If the names Anderson and Grimm ring a bell, you probably already know that their stories were cautionary tales detailing the most creative of punishments for disobedience. However, with the ever growing popularity of everything Disney, it’s hard to remember fairy tales being anything but happy. Today’s post seeks to amend this by drawing attention to three works that manage to find beauty in both light and darkness.
While the dark may not be your cup of tea, it certainly makes for some interesting twists and turns along the way.
Welcome back, TV lovers! This week, Once Upon a Time gave us journeys of re-discovery for Mary Margaret and her old pal Hercules, played by Jonathan Whitesell. Hades (Greg Germann) continues to shine as the harsh ruler of the Underworld, but I still don’t get the point of his CGI hair.
After mixed reactions to the Frozen and Search for the Author storylines last season, Once Upon a Time managed to rejuvenate itself in an unlikely fashion. Emma Swan, the protagonist, sacrificed herself and became a villain. It sounds far-fetched, and yet has been the exact boost OUaT needed. If you couldn’t tell from my weekly recaps, I’ve been in love with Season Five. Jennifer Morrison finally has more to do than say, “I’m the savior,” and argue with Regina.
However, I was a little disappointed with how the Dark Swan arc wrapped up in last week’s mid-season finale. Emma was prepared to sacrifice herself again to save her family, but Dark!Hook had a last-second change of heart and died instead. Some magical nonsense turned Rumplestiltskin into a uber-powerful Dark One, and Emma blackmailed him to take her to the Underworld to rescue Hook.
I didn’t love this episode as much as the earlier ones in the season, but it definitely wasn’t bad. Instead of Camelot flashbacks we got a look at Hook/Killian Jones’s past: a father who abandoned him and his brother, and whom he later killed when Evil Queen Regina was testing him as an assassin. The recurring theme of the episode is: “What type of man do you want to be?” which comes into play with both Hook and Rumple/Mr. Gold (more on that later). In the present, we have Emma preparing to face off against Hook and make the ultimate sacrifice to protect her family.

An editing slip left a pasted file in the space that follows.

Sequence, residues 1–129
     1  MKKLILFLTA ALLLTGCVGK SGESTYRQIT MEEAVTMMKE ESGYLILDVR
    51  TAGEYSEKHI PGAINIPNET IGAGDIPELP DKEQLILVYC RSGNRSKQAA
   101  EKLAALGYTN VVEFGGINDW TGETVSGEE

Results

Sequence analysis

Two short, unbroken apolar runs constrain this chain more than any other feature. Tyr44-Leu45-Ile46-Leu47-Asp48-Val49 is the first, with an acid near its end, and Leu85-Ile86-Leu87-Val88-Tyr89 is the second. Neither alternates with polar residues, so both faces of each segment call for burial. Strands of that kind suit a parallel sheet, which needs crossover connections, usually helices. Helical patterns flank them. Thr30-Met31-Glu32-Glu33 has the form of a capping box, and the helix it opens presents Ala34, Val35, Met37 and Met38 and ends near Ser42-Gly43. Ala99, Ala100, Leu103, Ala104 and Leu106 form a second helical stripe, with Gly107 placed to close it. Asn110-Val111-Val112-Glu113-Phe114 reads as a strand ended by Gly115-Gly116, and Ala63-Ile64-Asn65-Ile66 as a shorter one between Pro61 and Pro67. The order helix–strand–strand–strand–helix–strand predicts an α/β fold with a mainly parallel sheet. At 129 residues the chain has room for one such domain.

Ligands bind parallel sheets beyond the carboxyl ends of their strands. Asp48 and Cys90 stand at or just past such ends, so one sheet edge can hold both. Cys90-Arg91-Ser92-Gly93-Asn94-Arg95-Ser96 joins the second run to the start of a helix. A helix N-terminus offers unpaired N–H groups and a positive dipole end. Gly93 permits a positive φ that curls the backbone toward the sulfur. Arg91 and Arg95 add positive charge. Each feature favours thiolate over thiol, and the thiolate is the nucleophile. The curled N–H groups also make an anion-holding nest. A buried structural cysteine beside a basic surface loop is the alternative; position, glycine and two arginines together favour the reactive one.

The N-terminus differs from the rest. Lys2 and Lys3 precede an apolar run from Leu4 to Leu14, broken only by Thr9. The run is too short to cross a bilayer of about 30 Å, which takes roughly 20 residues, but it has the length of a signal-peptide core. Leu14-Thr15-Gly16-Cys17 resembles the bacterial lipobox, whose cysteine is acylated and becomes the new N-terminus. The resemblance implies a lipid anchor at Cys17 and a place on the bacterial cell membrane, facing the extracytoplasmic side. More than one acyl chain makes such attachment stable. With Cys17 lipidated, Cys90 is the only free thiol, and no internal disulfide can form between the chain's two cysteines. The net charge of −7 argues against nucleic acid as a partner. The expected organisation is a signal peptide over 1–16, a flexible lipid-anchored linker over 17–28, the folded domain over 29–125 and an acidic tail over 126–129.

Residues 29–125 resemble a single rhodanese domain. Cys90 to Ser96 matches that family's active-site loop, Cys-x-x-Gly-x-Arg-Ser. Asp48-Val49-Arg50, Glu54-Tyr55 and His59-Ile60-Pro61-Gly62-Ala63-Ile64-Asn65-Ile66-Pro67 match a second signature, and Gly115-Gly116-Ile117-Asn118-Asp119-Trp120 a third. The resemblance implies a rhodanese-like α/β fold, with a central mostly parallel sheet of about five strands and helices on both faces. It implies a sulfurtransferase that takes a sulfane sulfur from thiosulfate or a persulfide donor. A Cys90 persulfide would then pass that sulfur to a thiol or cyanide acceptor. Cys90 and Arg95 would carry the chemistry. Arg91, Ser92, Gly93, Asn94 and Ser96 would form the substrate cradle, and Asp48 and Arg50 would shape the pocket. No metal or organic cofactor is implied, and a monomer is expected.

Previously, on Once Upon a Time: Regina’s wicked half-sister Zelena announced that she’s pregnant by Robin Hood after masquerading as Maid Marian for months. Isaac the Author teamed up with Rumplestiltskin to write a new story before the latter’s heart turns completely black. Emma’s friend Lily turned out to be Maleficent’s long-lost daughter (also a dragon). And Will Scarlet, my beloved Knave from Wonderland, gets no screen time except when he’s a plot device.
So yeah, it’s been a pretty wacky season, and that’s not even considering the Frozen arc. While last year’s finale dealt with time travel, this year’s was alternate reality. Isaac wrote a new story that would give him his OWN happy ending, breaking the cardinal rule of being an Author. With everyone from Storybrooke having disappeared into Isaac’s best-selling book, Henry tracks down the rogue author to get his family back.
This week on TV… The Flash had a guest appearance by Mark Hamill as a terrorist named Trickster, and Arrow reached a tipping point in Ra’s al Ghul’s plans for Oliver. On Once Upon a Time, Snow and Charming’s dark secret and the fate of Maleficent’s lost child is revealed. Meanwhile, Agents of SHIELD picked up steam as SHIELD’s very existence was threatened.
I love to read; it’s been a hobby of mine since I was a wee tot, and, while I’ll always enjoy a good novel full of interesting, well-developed characters, intriguing themes and an entertaining plot, I’ll never say no to a good short story or poem. It’s remarkable what sort of emotional impact of some artfully-composed stanzas can have, or how an intelligently-written narrative in prose can grip the reader despite its brevity.
In addition to her children’s and young adult books and tales, which range from factual to fictional, Jane Yolen has also crafted some incredibly thought-provoking and poignant little treasures in both her short stories and poetry; I’d like to share some of my favorites with you.